Right now, we are all facing the same storm. We might be in different boats—some are in catamarans while some are in rowboats—but we are all aware of the angry skies and dark waters surrounding us.
The thing about boats is that they float on the water. Whether a catamaran or a rowboat, they can be completely surrounded and still stay above the waves. They don’t sink until the water gets inside them.
You say that all I have to do is call to You, and You will tell me things I do not know.
So, tell me: Where are You?
I can’t read the news anymore. There’s so much pain in the world right now, and I can’t help but wonder—where is Your light? You say You have overcome the world, but we still have to live in it, and it is so very broken. I tell my children that You are a good and loving God who will protect them. But then, in the same breath, I have to explain why they aren’t allowed to see their friends or be near their grandparents.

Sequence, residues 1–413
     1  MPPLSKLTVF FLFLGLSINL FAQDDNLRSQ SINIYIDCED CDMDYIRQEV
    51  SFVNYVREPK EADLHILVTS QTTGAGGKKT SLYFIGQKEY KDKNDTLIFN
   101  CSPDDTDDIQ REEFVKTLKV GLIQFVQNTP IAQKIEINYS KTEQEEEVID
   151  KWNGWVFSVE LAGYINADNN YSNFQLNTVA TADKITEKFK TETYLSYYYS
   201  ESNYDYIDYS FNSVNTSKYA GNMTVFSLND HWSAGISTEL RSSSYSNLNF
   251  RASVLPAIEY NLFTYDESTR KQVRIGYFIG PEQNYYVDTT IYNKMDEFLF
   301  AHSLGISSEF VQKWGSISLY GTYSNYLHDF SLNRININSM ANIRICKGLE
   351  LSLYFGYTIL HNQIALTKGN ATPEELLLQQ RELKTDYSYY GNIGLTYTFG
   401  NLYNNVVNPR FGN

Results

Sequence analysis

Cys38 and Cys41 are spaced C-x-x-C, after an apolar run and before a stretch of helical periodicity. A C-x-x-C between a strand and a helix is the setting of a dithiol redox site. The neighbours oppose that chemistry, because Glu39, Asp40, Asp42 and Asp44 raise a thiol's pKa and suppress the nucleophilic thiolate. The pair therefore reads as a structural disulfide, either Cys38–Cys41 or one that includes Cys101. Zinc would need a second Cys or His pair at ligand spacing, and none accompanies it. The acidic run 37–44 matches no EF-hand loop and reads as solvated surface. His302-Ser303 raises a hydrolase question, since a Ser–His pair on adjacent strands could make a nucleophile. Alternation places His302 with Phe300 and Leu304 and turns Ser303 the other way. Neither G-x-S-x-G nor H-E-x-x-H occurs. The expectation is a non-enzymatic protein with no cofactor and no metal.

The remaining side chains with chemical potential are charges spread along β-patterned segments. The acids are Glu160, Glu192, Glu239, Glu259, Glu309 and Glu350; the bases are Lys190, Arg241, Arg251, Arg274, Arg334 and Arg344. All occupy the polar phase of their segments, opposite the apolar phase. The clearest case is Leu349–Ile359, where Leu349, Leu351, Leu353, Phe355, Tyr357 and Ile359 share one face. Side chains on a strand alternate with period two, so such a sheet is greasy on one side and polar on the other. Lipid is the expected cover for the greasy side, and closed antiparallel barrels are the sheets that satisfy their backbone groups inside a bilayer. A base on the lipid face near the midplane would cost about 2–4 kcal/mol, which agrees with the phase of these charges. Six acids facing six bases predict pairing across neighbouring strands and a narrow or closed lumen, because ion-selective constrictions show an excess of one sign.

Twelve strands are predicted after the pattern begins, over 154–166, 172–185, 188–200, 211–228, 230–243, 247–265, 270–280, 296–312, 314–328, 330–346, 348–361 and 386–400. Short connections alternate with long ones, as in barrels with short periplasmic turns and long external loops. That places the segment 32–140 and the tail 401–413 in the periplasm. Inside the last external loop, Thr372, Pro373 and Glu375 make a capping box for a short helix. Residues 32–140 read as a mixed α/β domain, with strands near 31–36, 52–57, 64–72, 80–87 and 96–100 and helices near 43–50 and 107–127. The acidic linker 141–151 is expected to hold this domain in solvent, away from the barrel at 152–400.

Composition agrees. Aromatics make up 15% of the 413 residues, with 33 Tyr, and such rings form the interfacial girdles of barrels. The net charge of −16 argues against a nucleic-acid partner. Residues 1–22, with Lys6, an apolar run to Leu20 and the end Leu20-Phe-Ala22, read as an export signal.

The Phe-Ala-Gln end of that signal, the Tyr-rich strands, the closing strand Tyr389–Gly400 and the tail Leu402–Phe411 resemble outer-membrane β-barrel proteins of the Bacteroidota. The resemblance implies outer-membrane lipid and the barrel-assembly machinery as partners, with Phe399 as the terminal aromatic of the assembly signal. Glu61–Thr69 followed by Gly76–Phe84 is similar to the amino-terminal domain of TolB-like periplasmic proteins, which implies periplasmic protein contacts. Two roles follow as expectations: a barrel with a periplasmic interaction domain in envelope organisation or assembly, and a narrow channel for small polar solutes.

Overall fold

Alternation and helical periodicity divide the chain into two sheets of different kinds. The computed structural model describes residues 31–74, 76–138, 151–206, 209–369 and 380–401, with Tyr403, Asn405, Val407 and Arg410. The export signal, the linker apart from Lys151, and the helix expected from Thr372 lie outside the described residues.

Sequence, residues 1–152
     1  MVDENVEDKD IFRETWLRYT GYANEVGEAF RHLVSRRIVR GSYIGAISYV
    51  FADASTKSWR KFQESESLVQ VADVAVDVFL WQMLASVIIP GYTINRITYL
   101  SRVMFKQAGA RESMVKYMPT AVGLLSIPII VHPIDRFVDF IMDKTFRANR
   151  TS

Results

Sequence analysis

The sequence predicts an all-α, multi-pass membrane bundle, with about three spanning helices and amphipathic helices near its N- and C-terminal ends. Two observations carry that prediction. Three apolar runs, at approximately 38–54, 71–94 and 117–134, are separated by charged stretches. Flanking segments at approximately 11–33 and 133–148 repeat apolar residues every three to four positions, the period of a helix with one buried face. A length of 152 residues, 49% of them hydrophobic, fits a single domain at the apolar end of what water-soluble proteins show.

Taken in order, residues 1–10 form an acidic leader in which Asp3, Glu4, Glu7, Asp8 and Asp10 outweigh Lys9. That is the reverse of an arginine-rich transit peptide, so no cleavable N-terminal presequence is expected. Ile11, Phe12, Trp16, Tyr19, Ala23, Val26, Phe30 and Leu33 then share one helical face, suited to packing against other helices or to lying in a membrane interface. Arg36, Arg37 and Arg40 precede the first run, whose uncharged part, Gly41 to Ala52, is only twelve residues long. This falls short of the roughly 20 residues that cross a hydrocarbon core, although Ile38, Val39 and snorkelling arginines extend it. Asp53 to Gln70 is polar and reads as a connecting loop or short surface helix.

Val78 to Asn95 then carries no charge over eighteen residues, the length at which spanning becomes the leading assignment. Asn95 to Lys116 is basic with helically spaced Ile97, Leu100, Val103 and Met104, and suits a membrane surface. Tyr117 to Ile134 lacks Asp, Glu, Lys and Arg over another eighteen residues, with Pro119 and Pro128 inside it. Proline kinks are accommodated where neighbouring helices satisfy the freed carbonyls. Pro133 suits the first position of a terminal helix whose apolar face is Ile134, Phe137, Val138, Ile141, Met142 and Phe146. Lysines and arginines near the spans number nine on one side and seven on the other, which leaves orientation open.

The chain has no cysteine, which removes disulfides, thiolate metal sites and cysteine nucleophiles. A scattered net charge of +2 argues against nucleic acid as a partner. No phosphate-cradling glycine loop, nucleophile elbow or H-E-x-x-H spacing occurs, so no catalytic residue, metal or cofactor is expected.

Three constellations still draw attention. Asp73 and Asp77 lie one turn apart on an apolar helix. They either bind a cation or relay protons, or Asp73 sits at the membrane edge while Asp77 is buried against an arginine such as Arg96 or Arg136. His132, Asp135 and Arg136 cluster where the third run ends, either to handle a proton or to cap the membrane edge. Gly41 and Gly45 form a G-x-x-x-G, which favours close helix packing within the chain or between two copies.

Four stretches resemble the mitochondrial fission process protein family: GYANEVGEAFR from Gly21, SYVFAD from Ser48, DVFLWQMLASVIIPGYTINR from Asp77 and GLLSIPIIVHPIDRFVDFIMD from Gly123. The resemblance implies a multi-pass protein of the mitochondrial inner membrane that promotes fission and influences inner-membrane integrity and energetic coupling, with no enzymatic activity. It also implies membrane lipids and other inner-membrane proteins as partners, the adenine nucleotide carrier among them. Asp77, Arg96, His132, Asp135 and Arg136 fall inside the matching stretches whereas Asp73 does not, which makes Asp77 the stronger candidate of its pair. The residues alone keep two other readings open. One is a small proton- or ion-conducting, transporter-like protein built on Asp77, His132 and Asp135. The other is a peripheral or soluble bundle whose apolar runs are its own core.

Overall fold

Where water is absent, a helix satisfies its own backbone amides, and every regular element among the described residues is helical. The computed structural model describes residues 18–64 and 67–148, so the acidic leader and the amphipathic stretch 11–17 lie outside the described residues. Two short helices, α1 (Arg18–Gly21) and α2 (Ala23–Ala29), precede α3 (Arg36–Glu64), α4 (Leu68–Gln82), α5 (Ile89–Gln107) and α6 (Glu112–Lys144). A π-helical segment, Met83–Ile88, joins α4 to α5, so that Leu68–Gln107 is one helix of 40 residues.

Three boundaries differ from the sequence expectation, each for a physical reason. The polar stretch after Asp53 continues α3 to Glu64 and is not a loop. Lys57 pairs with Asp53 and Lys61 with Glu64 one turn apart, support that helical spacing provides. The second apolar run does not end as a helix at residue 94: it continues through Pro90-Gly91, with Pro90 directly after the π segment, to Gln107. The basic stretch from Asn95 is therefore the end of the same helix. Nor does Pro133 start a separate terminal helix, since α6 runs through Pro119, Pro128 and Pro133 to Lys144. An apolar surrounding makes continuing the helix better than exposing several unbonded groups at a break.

Not from God, and not from each other. That wasn’t the plan God had for His creation.
We weren’t supposed to lose our mothers, fathers, children, spouses, siblings, or friends. God never wanted us to carry that kind of grief. Our hearts know it—that’s why there is something in us that cries out, “This isn’t right,” when our loved ones are stolen from us. And as we struggle with our sorrow, sometimes we can’t help but wonder how a good God could let us suffer.
Picture this: You’re watching someone prepare for a marathon. They are warming up, stretching, and maybe hopping from one foot to the other in anticipation. The atmosphere is electric. As they take one final deep breath, the gun goes off. Suddenly they bend their knees and leap as far as they can. After landing, they just squat down and jump again as other people run by them.
We would look ridiculous trying to leap our way through an entire marathon, so why do we assume that our faith journey should look that way? We want to experience these huge, defining leaps of faith without realizing that the small steps are just as important.